Change the story, change the world.” ~Terry Pratchett
May 10, 2018
Today, I would like to introduce you to several young people who are changing the world. They are living stories of courage, compassion and justice that will inspire us all with hope. These are the nominees for our new Fr. Jim Hogan Search For Peace Award.
Allison Moran, a 5-year-old kindergartner at Cold Springs Elementary who epitomizes kindness and caring by volunteering in the community, looking at the positive in every situation, going out of her way to help others and pay it forward and spreading love everywhere she goes.
Marita Growing Thunder who stepped up in a very visible way to respect her heritage, raise awareness and express solidarity for a very under represented voice in her community — the plight of the many missing and murdered indigenous women in our community.
The SOAP Girls (that stands for Save Our Amazing Planet) a group of 4 girls who have been working on social justice issues for 8 years — since they were ages 9-10. They focus on positive ways to make a difference, from the useful tips on their website for conserving natural resources, to the many causes their fundraising has supported both locally and globally, including a summer camp for kids ages 4-8 and a two day overnight camp for older kids (ages 7-11).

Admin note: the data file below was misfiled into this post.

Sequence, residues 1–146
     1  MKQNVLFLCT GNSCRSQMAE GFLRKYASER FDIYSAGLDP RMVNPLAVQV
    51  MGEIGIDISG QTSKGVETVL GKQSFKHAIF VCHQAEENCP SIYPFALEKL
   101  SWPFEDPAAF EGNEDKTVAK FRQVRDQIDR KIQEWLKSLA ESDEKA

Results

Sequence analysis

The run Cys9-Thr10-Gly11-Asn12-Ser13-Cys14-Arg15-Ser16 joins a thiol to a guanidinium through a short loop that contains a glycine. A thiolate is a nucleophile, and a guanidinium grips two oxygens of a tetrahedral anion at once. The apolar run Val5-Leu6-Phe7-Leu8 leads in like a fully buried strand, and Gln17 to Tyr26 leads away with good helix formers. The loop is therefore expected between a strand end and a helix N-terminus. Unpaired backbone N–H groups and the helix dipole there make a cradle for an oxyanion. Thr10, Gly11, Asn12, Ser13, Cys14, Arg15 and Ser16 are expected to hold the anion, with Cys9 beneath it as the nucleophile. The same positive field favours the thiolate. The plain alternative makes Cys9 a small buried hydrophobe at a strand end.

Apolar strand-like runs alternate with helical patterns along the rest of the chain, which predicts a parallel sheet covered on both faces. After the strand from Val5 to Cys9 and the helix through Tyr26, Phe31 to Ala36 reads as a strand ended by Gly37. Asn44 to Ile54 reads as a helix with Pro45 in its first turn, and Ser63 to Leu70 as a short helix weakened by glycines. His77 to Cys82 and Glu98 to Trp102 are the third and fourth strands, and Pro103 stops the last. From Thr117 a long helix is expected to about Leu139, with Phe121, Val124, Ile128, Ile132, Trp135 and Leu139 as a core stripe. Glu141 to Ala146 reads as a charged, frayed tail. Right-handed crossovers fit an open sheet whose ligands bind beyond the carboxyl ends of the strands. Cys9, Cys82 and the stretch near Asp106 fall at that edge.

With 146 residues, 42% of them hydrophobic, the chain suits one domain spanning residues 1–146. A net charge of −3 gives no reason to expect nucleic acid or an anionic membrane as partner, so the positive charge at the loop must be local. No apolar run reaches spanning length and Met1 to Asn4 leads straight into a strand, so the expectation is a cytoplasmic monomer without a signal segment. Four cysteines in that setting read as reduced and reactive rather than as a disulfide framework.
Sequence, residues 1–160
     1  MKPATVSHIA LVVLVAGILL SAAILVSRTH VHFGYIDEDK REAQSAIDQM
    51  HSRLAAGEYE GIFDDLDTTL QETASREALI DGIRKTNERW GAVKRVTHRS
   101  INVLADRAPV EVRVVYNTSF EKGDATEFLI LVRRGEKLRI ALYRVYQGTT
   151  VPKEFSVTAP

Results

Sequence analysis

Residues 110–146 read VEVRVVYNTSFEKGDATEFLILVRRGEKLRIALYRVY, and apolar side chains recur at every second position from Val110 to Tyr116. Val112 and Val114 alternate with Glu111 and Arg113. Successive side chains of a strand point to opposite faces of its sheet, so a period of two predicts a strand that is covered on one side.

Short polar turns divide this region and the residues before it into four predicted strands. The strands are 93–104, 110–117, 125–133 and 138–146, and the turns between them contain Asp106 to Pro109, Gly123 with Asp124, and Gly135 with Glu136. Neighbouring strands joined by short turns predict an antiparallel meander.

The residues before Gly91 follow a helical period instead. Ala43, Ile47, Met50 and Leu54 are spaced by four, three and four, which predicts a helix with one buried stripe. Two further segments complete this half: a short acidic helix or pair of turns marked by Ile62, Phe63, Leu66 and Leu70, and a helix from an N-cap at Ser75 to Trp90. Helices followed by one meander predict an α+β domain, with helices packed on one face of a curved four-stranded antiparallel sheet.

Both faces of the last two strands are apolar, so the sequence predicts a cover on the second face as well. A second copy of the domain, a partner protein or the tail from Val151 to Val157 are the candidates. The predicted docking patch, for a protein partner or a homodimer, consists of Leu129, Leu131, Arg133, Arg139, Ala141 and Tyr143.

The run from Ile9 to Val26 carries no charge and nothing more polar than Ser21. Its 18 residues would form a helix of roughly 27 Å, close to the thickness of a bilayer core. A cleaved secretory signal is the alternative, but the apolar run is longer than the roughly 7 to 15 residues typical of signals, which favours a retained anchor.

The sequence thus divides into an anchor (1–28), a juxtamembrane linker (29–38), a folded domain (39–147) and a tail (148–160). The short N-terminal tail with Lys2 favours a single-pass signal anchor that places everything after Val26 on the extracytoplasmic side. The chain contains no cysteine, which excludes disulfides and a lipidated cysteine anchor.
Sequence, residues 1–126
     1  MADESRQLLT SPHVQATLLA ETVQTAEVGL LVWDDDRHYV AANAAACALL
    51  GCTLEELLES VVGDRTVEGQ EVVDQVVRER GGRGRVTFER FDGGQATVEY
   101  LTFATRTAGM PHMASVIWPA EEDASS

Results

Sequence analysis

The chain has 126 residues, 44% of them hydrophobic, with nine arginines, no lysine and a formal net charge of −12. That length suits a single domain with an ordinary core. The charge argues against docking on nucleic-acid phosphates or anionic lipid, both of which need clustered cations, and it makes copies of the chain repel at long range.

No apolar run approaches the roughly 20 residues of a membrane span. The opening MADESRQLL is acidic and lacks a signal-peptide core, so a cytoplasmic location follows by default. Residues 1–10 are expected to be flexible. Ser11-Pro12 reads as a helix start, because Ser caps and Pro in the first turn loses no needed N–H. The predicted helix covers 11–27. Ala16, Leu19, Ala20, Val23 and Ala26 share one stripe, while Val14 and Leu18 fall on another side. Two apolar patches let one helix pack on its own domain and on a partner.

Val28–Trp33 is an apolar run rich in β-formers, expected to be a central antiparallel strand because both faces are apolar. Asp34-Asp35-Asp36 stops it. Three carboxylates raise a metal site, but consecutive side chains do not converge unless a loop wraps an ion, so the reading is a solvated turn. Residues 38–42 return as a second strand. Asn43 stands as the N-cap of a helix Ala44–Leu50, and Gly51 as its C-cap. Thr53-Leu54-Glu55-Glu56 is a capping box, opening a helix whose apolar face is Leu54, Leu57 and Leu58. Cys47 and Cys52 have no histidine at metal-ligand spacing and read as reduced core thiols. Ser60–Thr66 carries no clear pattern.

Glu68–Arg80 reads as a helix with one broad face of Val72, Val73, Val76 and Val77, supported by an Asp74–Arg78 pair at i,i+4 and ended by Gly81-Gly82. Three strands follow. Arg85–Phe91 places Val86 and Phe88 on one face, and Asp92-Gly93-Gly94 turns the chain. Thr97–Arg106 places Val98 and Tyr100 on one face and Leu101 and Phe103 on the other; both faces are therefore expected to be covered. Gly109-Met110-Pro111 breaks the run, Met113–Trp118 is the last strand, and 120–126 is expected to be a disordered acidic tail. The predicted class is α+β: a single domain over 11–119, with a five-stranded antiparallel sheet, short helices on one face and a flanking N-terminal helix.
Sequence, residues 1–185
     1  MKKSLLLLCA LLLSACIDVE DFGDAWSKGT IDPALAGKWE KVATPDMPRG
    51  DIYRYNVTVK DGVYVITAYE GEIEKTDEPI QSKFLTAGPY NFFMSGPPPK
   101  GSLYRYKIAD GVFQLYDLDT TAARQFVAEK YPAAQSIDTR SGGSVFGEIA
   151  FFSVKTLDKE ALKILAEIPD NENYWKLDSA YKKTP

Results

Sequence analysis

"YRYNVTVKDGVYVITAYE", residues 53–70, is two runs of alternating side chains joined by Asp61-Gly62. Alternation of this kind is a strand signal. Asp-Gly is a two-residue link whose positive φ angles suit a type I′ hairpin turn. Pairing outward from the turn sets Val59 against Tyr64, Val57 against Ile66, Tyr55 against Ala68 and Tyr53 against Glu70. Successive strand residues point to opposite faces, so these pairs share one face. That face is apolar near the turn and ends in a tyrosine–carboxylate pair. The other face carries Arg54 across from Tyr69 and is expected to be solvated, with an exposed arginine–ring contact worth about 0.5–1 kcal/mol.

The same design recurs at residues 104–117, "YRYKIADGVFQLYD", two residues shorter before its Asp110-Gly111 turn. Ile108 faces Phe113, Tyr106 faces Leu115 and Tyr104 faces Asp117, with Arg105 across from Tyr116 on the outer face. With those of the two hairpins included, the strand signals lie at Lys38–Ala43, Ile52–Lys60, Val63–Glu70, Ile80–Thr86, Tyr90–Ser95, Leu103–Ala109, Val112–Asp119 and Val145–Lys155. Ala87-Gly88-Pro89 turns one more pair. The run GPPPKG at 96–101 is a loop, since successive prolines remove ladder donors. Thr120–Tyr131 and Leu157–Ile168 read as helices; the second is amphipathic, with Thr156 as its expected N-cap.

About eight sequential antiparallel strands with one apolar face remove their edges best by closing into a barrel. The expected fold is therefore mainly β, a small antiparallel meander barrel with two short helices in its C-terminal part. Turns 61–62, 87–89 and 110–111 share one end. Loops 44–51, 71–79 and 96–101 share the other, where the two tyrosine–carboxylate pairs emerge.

The Group that Organized the Hellgate HS Walkout on 2/21/18 — They mobilized a lot of kids quickly and effectively into a nonviolent civil disobedience action to move things forward around the topic of public safety and guns.